False Community, by Chris Norman

Father, Give strength to my words through Your love.

I once saw a sermon Francis Chan gave on YouTube. Ironically, he talked of people who had come to him extolling his various social media outlets...and how he had nothing to do with them. The accounts were useful to those who found them (myself included), but no matter the good they were, they just didn't come from the man himself. Good, even useful, but not quite true.

Like many in our interconnected society, I've been blessed with a chance to live digitally. I love my church and the loving (wink) dynamic we enjoy. I equally enjoy the culture of my uncle's church and the one my parents attend, in Georgia and Maryland respectively. However, no matter how great it is that I can worship via Soundcloud or see what my young adult ministry is getting into through Instagram, these windows are not the community proper. They are real, something that I've had to come more to terms with this year; even important for showing others what there is here. However, when the time comes for the ever important friction that comes from iron sharpening iron they don't always, as blacksmiths are known to say, skate the file.

We're followers of Christ! We can't let our work end at just reaching out with through social media; we are responsible for bringing men and women to meet our great Beloved! There's got to be a deeper purpose for us so that the difference in our efforts will be seen plainly in the fruit of our efforts.

We know through the Word of God that a community of believers has some pretty solid requirements to be able to emulate the perfect love of God here on the Earth. We've all heard it told that we should join together in our journey with one or two others because, "a threefold cord is not easily broken"(Ecc 4:12). Old man Solomon, wise as he was, had seen and learned just how effective we can be when our efforts and our very hearts drive us towards a common goal. These efforts require skin in the game. Simply throwing out a #praying won't really do the job. By all means, pray! Better yet, seek out your spiritual family and join them in prayer, and ask deeper questions to see how your brother or sister is doing. Make it clear that they know they're not battling alone!

Too often we can find ourselves content to share a post of profound nature without addressing the individual from whom the revelation came. This isn't a 'like' for the sake of Facebook friendship—it's a wonderfully simple way to reaffirm a good word! A good friend worded it this way; "it's like we're all chained together [in this life] but some of us are still shackled to the ground". I like to look to book of Hebrews to remind and encourage myself in the matter of a Christ-following freedom walk. Chapter 12 warns us to make sure that there's no bitterness growing in anyone's heart, and the truth from a good word can be shared over and over, especially with the one who delivered it. Why not personally share the impact a good word has on your heart?! Give one who's blessed you something to turn back to God and thank Him for!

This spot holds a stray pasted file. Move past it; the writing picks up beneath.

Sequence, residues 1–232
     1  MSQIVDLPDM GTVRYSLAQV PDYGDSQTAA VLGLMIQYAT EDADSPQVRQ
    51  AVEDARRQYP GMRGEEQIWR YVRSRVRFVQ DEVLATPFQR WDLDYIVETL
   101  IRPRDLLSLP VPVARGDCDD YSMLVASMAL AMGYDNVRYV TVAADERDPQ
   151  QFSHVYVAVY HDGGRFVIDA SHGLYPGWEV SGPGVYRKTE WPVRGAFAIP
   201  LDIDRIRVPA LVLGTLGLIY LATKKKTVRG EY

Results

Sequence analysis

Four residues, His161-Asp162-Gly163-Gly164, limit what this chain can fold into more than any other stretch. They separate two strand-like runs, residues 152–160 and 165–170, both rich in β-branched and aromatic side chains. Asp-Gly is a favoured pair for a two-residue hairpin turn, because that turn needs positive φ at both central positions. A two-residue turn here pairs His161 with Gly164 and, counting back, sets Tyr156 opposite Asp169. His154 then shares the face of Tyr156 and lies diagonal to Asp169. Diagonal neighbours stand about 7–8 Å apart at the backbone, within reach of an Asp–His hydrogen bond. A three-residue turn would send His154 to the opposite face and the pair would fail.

What troubles most is a lack of depth in where social media leads us on its own. Name an app and I would almost guarantee that it has some form of scrolling enabled to let people quickly browse in a manner that has become synonymous with being 'relevant'; device in hand, thumb quickly moving from top to bottom of the screen and flicking back and forth for likes and saves. People refer to Facebook or Instagram stalking as a part of normalcy; it’s just how some people expect to get to know others. Sadly, there is little to be learned in these solitary ventures. This offers no way for presumption to be challenged, for a personality quirk to intrigue us.

If we look to our spiritual forbearers, we find Moses had been in a similar predicament. Exodus 33 reads: The LORD said to Moses, “Depart; go up from here, you and the people whom you have brought up out of the land of Egypt, to the land of which I swore to Abraham, Isaac, and Jacob, saying, ‘To your offspring I will give it.’ I will send an angel before you, and I will drive out the Canaanites, the Amorites, the Hittites, the Perizzites, the Hivites, and the Jebusites. Go up to a land flowing with milk and honey; but I will not go up among you, lest I consume you on the way, for you are a stiff-necked people” (vs. 1-3).

An angel AND all the opposition out of the picture sounds like a pretty sweet deal for the Israelites, but since God knew His people for who they really were, He knew they had to go without Him. Yet for Moses, the idea of going without God wasn't going to cut it. Sure, there had to be an elder or two shaking a cane at him for it, but he had already had a chance to speak with God, "as a man speaks to his friend” (vs. 11). This interpersonal level of communication is not something he could draw back from.

Clearly, it's not the same for a man to speak one on one with God as with a fellow believer, but I want to challenge everyone to be honest in just this thing—any good relationship worth having is worth having face to face. We were designed to see the strength in one another as God sees it in us. The social connectivity can reach further than our flesh, sure, but after that, the desire to fulfill the unique relationship that one member of the body can have with another must be filled—if not for the strength of relationship, then for plain truth. Just a little fuel for the fire.